Recovery of photosynthesis after environmental stress …
Leaves deep in canopies can suddenly be exposed to increased irradiances following e.g. gap formation in forests or pruning in crops. Studies on the acclimation of photosynthesis to increased irradiance have mainly focused on the changes in photosynthetic capacity (Amax), although actual irradiance often remains below saturating level. We investigated the effect of changes in irradiance on the photosynthesis irradiance response and on nitrogen allocation in fully grown leaves of Cucumis sativus. Leaves that fully developed under low (50 µmol m-2 s-1) or moderate (200 µmol m-2 s-1) irradiance were subsequently exposed to, respectively, moderate (LM-leaves) or low (ML-leaves) irradiance or kept at constant irradiance level (LL- and MM-leaves). Acclimation of photosynthesis occurred within 7 days with final Amax highest in MM-leaves, lowest in LL-leaves and intermediate in ML- and LM-leaves, whereas full acclimation of thylakoid processes underlying photosystem II (PSII) efficiency and non-photochemical quenching occurred in ML- and LM-leaves. Dark respiration correlated with irradiance level, but not with Amax. Light-limited quantum efficiency was similar in all leaves. The increase in photosynthesis at moderate irradiance in LM-leaves was primarily driven by nitrogen import, and nitrogen remained allocated in a similar ratio to Rubisco and bioenergetics, while allocation to light harvesting relatively decreased. A contrary response of nitrogen was associated with the decrease in photosynthesis in ML-leaves. Net assimilation of LM-leaves under moderate irradiance remained lower than in MM-leaves, revealing the importance of photosynthetic acclimation during the leaf developmental phase for crop productivity in scenarios with realistic, moderate fluctuations in irradiance that leaves can be exposed to
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Users of Amax-N relationships in modeling photosynthesis in different ecosystems should appreciate the strengths and limitations of regression equations based on different species groupings.",
This review summarizes current knowledge of potentials and limitations of acclimation of foliage photosynthetic capacity (Amax) and lightâharvesting efficiency to complex environmental gradients within the canopies.
Postrelease acclimation of translocated ..
Acclimation of photosynthesis occurred within 7 days with final Amax highest in MM-leaves, lowest in LL-leaves and intermediate in ML- and LM-leaves, whereas full acclimation of thylakoid processes underlying photosystem II (PSII) efficiency and non-photochemical quenching occurred in ML- and LM-leaves.
LI-6400XT CO2 Response Curves | LI-COR Environmental
Studies on the acclimation of photosynthesis to increased irradiance have mainly focused on the changes in photosynthetic capacity (Amax), although actual irradiance often remains below saturating level.
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Two-year-old seedlings of Picea rubens, growing in open-top chambers in Scotland were treated twice weekly from July 1987 to December 1987, with mist containing ammonium sulphate and nitric acid at a pH of either 2.5 or 5.0. The response of photosynthesis and stomatal conductance to light flux density and carbon dioxide concentration were measured in March 1989. Leaf chlorophyll a and b contents were also measured. Acid mist (pH 2.5) resulted in several significant changes. First, both the rate of light saturated photosynthesis (Amax) and CO2- saturated rate of photosynthesis (J) were substantially increased, when expressed per unit leaf area. Second, the apparent quantum yield and chlorophylls a and b content increased. Third, as a consequence of the greater chlorophyll content of the leaves treated with acid mist, the rate of Amax, and J, expressed per unit chlorophyll, was substantially reduced in pH 2.5 treated branches. Stomatal conductance was enhanced at all but the highest light flux densities, and was independent of the CO2 concentration, remaining high for all values of CO2 concentration used. These results show that acid mist caused a number of responses in the gas exchange and photosynthetic properties of red spruce.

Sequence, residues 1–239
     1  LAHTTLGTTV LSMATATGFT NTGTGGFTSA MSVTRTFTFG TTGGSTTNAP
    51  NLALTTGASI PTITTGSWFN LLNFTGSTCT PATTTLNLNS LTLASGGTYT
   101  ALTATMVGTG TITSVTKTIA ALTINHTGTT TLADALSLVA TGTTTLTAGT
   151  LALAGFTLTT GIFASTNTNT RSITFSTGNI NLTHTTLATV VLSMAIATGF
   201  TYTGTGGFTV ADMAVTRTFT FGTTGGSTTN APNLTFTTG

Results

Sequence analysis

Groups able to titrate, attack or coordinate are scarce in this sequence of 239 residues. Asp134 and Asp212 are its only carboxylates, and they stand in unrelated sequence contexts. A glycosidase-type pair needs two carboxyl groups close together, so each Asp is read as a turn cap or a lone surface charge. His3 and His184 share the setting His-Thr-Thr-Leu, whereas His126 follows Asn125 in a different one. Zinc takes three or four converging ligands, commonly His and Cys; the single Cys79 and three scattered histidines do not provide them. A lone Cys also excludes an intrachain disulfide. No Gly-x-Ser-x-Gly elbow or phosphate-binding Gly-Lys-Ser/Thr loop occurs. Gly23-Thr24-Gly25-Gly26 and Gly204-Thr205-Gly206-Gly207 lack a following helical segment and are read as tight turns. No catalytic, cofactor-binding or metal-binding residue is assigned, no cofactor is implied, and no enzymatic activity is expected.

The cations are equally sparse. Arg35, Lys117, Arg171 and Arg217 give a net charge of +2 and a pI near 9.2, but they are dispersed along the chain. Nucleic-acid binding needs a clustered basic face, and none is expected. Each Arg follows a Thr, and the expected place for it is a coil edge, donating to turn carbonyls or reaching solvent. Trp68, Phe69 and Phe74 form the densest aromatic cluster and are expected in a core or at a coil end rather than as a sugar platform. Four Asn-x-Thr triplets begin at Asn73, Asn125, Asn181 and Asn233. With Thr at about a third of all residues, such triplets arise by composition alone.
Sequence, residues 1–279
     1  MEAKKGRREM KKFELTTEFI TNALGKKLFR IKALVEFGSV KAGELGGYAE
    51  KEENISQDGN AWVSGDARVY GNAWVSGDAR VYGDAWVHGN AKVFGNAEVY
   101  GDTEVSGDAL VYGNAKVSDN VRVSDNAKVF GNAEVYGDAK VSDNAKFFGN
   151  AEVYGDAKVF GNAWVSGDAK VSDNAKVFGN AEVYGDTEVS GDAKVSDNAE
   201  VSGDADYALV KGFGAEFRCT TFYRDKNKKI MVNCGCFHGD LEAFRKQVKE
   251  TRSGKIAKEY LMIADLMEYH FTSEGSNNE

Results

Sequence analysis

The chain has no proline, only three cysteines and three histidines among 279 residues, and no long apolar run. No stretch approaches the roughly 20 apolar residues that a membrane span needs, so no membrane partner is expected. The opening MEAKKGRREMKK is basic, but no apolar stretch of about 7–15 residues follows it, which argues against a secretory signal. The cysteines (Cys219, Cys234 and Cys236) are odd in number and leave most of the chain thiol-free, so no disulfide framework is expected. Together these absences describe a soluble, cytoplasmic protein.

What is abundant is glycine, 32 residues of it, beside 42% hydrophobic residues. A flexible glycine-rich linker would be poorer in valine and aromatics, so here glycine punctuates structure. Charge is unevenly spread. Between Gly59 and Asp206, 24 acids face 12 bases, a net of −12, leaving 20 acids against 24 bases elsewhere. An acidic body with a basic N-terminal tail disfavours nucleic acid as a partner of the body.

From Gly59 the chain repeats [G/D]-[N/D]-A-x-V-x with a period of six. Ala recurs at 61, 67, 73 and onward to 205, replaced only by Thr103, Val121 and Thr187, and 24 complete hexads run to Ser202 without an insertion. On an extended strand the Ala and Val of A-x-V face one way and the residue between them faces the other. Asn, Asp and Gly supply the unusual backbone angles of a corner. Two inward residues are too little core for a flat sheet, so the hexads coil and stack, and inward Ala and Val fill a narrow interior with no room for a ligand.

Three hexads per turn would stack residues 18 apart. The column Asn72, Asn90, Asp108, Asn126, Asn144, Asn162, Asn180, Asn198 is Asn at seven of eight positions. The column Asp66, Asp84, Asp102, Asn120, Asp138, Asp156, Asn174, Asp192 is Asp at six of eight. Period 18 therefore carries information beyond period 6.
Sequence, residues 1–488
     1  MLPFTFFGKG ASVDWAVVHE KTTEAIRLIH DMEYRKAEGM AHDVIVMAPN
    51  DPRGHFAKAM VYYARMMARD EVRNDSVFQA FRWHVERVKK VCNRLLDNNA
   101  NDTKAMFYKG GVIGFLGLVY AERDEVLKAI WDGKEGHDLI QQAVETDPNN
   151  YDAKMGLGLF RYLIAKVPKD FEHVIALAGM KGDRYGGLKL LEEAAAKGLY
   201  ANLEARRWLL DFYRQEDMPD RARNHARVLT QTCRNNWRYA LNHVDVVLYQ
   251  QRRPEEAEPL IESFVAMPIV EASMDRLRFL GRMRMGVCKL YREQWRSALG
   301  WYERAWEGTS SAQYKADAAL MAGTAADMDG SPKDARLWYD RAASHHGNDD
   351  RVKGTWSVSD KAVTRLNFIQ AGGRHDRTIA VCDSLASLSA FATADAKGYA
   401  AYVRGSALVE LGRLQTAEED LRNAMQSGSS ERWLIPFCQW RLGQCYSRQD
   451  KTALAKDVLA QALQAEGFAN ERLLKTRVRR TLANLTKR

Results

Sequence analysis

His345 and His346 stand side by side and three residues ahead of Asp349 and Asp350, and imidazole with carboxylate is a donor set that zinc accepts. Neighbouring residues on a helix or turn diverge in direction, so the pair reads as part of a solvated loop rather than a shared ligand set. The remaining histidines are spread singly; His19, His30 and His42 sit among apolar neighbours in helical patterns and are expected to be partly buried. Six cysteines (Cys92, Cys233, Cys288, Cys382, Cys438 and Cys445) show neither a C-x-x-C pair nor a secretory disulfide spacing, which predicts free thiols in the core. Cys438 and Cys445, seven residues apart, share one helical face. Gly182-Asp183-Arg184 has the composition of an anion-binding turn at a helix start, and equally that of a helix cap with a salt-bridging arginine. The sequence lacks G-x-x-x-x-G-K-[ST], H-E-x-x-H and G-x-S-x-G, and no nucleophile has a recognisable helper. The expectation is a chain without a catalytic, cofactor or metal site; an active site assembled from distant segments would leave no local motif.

ectoping expresing | Photosynthesis | Plants
Set-up of ACi curves, N, P and LMA values for dominant species. Establish the extent to which rates of light saturated photosynthesis, Vcmax and Jmax change in response to associated traits and to climatic moisture in the Great Western Woodlands. Experimental design and methods: In April and October 2013, we surveyed ACi curves and related leaf traits (area:mass ratios, and concentrations of nitrogen and phosphorus) in 37 species growing at the Great Western Woodlands TERN - SuperSite. Leaves were sampled from different trees ranging from 1 to 4 replicates per specie. Asat(light saturated photosynthesis), Amax (CO2 saturated photosynthesis), Ci (intercellular partial pressure of CO2) and Rlight(CO2 evolution from mitochondria in the light, other than that associated with the PCO cycle) were used to calculate rates of Vcmax (maximum velocity of the carboxylase) and Jmax (maximum rate of carboxylation allowed by the electron transport). Vcmax and Jmax were corrected for temperature.